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The dangers of Buy Now Pay Later – what to look out for

With the Buy Now Pay Later industry continuing to thrive, we take a closer look at what risks to look out for.

Important notes

This article isn’t personal advice. If you’re not sure whether an investment is right for you please seek advice. If you choose to invest the value of your investment will rise and fall, so you could get back less than you put in.

The Buy Now Pay Later (BNPL) industry has exploded in the last couple of years. The idea is it offers shoppers the chance to spread the cost of purchases, without having to pay interest. Retailers have been quick to jump at the opportunities on offer, with promises of 30% sales increases from providers.

Despite it being 18 months since a review from the Financial Conduct Authority called for ‘urgent’ regulation of the BNPL industry, the multi-billion-pound, unregulated market keeps rumbling on. And while the government lays plans for two more consultations, and the FCA hopes to start regulation some time in 2023, in the meantime, BNPL continues to spread.

It’s not just young people who are drawn to the attractions of interest-free borrowing, because a quarter of users are over the age of 36. And research in the US last year showed that a greater proportion of those earning over $50,000 used it compared with those earning less.

It means we all need to be on top of the risks posed by this kind of debt. If it’s beyond your means and you can’t afford to pay the purchase off, it’s probably not appropriate for your circumstances, even if interest free for a few months.

This article isn’t personal advice. If you’re not sure if something’s right for you, ask for financial advice.

What are the risks?

On the face of it, BNPL looks like a sensible way to borrow. There’s no interest to pay, so you can spread the cost of larger items over a few months, to help manage your budget more effectively without a cost. However, people still run into difficulties.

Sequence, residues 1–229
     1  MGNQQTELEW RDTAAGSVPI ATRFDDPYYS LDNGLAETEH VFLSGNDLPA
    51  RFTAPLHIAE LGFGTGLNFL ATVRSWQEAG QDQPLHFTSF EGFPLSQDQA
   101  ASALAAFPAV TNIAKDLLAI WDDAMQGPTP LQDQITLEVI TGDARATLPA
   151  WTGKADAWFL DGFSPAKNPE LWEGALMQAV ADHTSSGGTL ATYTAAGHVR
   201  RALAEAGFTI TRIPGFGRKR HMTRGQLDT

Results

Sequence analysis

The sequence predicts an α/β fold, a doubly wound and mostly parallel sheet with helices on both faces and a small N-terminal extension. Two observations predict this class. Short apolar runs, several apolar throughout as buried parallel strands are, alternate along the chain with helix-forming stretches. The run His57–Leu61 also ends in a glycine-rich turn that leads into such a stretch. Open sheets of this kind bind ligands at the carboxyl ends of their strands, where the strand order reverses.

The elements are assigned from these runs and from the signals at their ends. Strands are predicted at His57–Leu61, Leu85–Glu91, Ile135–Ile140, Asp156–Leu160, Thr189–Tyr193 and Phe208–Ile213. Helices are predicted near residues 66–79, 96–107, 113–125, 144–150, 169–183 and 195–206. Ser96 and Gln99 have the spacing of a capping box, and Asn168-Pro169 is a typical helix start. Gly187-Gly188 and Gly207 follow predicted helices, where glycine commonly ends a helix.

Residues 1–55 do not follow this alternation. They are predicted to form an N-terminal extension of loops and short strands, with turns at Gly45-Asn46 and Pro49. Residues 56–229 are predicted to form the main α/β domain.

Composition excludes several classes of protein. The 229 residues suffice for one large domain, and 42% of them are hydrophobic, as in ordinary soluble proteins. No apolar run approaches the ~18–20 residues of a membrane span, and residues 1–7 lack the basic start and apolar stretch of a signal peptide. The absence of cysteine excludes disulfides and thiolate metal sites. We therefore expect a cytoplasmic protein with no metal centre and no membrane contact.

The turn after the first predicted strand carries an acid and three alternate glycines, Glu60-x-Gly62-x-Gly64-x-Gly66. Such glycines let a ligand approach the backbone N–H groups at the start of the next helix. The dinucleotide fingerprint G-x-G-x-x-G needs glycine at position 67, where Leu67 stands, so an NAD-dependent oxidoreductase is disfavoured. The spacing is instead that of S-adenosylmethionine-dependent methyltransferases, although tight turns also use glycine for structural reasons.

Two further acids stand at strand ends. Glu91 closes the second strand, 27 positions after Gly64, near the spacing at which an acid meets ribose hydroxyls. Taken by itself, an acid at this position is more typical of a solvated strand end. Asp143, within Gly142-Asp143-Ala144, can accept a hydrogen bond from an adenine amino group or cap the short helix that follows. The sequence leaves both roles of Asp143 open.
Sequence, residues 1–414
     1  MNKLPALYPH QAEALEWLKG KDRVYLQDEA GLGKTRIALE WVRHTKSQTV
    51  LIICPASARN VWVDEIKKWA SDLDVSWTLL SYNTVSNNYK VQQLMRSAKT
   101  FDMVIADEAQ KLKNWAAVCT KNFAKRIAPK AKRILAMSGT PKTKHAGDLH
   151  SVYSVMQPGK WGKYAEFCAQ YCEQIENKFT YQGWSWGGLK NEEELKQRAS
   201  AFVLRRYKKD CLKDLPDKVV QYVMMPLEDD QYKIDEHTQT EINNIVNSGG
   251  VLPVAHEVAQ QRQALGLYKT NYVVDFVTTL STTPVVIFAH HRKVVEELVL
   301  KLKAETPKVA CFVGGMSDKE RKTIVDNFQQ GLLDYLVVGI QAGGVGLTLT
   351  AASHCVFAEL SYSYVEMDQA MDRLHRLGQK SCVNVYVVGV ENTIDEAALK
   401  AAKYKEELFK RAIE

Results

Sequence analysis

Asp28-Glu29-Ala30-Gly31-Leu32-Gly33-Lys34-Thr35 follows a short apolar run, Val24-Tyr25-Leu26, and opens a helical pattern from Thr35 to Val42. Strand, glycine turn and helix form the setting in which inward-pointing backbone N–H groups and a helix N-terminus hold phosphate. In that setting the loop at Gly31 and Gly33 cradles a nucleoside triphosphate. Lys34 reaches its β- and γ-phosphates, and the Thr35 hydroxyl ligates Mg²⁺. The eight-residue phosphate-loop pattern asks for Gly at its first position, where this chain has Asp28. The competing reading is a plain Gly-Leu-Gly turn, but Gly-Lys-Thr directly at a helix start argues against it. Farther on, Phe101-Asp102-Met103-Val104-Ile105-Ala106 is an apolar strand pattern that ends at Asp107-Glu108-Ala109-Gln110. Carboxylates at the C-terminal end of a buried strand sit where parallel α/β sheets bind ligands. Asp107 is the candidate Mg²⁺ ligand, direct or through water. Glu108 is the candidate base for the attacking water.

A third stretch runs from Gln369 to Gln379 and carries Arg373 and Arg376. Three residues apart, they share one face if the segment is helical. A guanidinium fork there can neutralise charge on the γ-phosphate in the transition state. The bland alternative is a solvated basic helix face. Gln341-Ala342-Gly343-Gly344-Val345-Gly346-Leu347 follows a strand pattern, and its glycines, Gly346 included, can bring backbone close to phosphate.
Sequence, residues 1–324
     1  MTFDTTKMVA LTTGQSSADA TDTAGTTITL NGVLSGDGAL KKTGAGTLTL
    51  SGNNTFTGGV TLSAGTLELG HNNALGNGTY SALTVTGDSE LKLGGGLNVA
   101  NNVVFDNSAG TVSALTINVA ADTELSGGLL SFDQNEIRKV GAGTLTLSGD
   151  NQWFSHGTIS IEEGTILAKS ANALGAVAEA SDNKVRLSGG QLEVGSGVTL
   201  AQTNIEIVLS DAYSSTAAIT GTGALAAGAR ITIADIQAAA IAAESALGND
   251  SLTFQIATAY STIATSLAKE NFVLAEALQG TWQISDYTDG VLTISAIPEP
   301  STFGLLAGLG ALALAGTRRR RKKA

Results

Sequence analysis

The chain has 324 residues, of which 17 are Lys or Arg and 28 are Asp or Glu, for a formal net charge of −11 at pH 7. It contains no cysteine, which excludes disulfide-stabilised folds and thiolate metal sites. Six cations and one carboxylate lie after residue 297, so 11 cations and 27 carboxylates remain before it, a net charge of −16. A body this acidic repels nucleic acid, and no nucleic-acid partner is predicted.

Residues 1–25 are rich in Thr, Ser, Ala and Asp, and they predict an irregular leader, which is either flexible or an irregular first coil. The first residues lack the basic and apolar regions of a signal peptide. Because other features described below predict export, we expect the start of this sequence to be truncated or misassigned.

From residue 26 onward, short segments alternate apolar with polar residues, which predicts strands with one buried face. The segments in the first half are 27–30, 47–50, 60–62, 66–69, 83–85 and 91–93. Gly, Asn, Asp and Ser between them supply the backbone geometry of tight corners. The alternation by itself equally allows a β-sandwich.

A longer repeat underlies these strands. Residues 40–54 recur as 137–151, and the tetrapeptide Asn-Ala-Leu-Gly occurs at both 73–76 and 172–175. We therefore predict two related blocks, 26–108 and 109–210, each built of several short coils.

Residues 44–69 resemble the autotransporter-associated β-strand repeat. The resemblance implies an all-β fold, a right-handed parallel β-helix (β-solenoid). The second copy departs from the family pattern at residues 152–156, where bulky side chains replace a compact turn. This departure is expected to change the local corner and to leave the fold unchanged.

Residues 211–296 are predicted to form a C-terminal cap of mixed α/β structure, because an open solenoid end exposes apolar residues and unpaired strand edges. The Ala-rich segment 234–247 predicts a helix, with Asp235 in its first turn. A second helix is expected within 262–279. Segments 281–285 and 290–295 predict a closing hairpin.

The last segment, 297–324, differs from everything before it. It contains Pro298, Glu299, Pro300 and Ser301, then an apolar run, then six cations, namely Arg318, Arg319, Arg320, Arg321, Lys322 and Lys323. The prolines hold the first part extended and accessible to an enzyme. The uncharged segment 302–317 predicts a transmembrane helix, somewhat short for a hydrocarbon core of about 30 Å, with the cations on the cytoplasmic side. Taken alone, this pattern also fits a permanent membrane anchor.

Part of the problem is that research shows we don’t think of BNPL as a form of borrowing – we consider it more of a budgeting solution. It means we’re less likely to take the time to weigh up whether we need to take on this debt.

It encourages people to spend more, on things they want rather than need. That’s because, by breaking the cost down into instalments, it means we focus on those, rather than the overall cost. If you recognise this in your own behaviour, it’s one to keep a close eye on.

At the same time, lenders often don’t carry out full credit checks when deciding whether or not to lend money. Instead, they opt for soft credit searches and evidence of previous payments. It means borrowers can run up a number of debts without anyone joining the dots.

While some providers, like Klarna, have started voluntarily reporting this borrowing to credit agencies, there’s no compulsion for other lenders to follow suit. This only raises the risk of over-borrowing.

How to build a rainy-day fund

Impact of the cost-of-living crisis

The cost-of-living crisis has already made a big difference to how we use these services.

Klarna’s results for the first three months of the year showed the amount being loaned out had barely shifted from the previous period. This is a major change of fortunes for an industry that mushroomed during the pandemic.

It shows just how hard we’re cutting back on the inessentials that BNPL is traditionally used for. However, there’s every chance that higher earners, who still have room in their budget for luxuries, will stand firm.

There’s also been a growing, and alarming, trend towards using BNPL for essentials. One in ten (11%) have used BNPL to buy essential clothes – like a winter coat. More than one in twenty people have used it to buy groceries (6%), and one in ten (9%) have used it for other essentials.

And it’s not only impacted those on lower incomes. The same research showed that higher-rate taxpayers were almost twice as likely to use it for essential clothes or other essentials as the overall figure. And almost three times as likely to use it for groceries.

There’s nothing fundamentally wrong with BNPL, used in the right way. It’s only when people borrow more than they’re meant to, struggle with repayments or use it to stretch themselves to the end of the month that the alarm bells should start to ring.

How to control your debt

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    Important notes

    This article isn’t personal advice. If you’re not sure whether an investment is right for you please seek advice. If you choose to invest the value of your investment will rise and fall, so you could get back less than you put in.

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